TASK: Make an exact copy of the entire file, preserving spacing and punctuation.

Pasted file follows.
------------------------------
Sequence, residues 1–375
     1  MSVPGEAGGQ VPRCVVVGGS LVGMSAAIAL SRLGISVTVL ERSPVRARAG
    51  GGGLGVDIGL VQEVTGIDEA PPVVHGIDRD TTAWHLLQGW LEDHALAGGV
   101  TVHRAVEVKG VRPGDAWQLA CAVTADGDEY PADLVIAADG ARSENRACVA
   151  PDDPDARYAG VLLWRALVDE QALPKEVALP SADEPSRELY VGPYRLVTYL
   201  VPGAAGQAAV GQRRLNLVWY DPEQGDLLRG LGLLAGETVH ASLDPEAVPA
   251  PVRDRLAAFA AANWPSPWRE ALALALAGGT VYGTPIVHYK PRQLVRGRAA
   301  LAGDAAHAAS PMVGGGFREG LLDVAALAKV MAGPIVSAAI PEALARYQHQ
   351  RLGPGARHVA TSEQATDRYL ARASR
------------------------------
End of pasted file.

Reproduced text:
Sequence, residues 1–375
     1  MSVPGEAGGQ VPRCVVVGGS LVGMSAAIAL SRLGISVTVL ERSPVRARAG
    51  GGGLGVDIGL VQEVTGIDEA PPVVHGIDRD TTAWHLLQGW LEDHALAGGV
   101  TVHRAVEVKG VRPGDAWQLA CAVTADGDEY PADLVIAADG ARSENRACVA
   151  PDDPDARYAG VLLWRALVDE QALPKEVALP SADEPSRELY VGPYRLVTYL
   201  VPGAAGQAAV GQRRLNLVWY DPEQGDLLRG LGLLAGETVH ASLDPEAVPA
   251  PVRDRLAAFA AANWPSPWRE ALALALAGGT VYGTPIVHYK PRQLVRGRAA
   301  LAGDAAHAAS PMVGGGFREG LLDVAALAKV MAGPIVSAAI PEALARYQHQ
   351  RLGPGARHVA TSEQATDRYL ARASR